But Kurt Weill’s “Lament of the River Seine,” with its identically-intoned repetitions of “Au fond de la Seine…” whose objects grow increasingly dismal (gold, weapons, dead bodies, tears) show, in fact, that Bullock is more in control of her sound that she might seem. It makes the poetic effects of other numbers all the more praiseworthy, like the hollowed-out tone she applies to Francis Poulenc’s morose song “Mon cadavre est doux comme un gant” in which the vocal lines of the deceased narrator metaphorically describing her dead body reach higher and higher towards heaven.
Those songs teed up a series of songs that, she announced from the stage, were tributes to Hamlet’s Ophelia, a victim of “chauvinism, misogyny, and patriarchy.” Weill and Bertolt Brecht’s yet more morose “Ballad of the Drowned Maiden” poured out with a rich but unsettlingly matte coloring with Brown giving an almost playful account of the swirling arpeggios of the water. In an evening of intelligent collaboration, it was clearest here that Brown’s greatest gift is his sense for the internal stakes of each song—he finds and quickly maps the drama with firmness and texture.
From there she bounced to Richard Strauss’s Three Songs of Ophelia, where she spit out the first song with aspirated desperation, though the subsequent two songs might have benefitted from more dynamic variation. Finally, concluding the first half, the stillness of Ophelia’s final monologue gave way to the Spiritual “Deep River” where her complex lower head range (she’s not a chesty singer) spun out rich in shading and sentiment.
That Bullock puts these songs into conversation with voices the idea that subsuming or being swallowed up—by water or by music—may mean a baptism or a rebirth into memory as much as a death. Water can mean severing or distancing but it can also stand for renewal. And in the gentle ebbing of Bullock’s unfatigued voice, her final song, “How sad, how lonely,” the last of three songs by Connie Converse, gathered ripples of urban melancholy into piercing waves.
Yet water stands besides light (and levity) in Bullock’s elemental musicmaking; three Samuel Barber songs (“My lizard,” “Nuvoletta,” and “The Daisies) at the top of the program all overflowed with whimsy and invention (“Nuvoletta” especially, as she spit one paranoid melisma right into the lid of the open piano to an ethereally resonant effect), and her “Happily Ever After” from Once Upon a Mattress, unbelted but surely more virtuosic than Carol Burnett’s, was a comedic high point, as was what she described as a “feminist rebellion,” the aria “Non, monsieur mon mari…” from Poulenc’s Les mammelles di Tirèsias. All of these songs teased out another theme, touched on elsewhere across the eclectic program, of the suppression of women and the oppressive undercurrent to the picturesque fairytale ending.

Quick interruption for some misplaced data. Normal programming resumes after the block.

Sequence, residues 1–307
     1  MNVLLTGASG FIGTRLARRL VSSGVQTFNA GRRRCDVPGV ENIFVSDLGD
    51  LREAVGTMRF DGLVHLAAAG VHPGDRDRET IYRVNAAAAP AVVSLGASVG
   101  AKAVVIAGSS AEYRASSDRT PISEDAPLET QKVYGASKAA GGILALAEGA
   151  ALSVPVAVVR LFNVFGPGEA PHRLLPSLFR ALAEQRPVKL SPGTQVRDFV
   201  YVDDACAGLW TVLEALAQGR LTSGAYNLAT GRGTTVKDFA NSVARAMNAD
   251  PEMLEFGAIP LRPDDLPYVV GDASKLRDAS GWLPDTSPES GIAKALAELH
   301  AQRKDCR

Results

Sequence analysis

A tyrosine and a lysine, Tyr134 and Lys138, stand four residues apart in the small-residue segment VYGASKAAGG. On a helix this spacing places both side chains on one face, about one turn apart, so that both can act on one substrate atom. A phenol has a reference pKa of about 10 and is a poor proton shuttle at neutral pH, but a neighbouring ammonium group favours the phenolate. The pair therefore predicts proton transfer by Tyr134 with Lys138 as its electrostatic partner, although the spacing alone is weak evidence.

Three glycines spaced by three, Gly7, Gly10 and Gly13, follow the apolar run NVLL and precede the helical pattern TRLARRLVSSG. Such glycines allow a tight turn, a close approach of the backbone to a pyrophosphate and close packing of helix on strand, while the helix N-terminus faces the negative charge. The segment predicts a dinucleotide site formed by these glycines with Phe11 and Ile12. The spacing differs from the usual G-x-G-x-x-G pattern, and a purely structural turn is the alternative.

But Bullock, unlike some other singers who weave pressing social themes into their recital work, doesn’t take herself so direly seriously (as evidence, she interrupted the program midway through the first half to say that she was recovering from a “gastrointestinal bug” and that she would try to continue the program but wanted to inform us just in case she had to “quickly dash offstage.”) She’s sincere, sunny, and earnest. Like Ophelia in the water, she lets the texts and the music overwhelm her as delicate bubbles of hopeful song float to the surface.
Light, air, and water came together decisively in that Rodgers and Hammerstein set with a deep, prophetic “Bali Ha’i.” Bullock’s serene focus and Bretton Brown’s flourishes at the piano so delicate as to make the piece sound like a Ravel mélodie were yet another instance of Bullock’s humane repossession and new embodiment of this song, a song she said shows “what the power of positive visualization can do,” for the audience. The effect, like the recital itself, was strange and healing.
Photos: Peter Chenot and Iwan Baan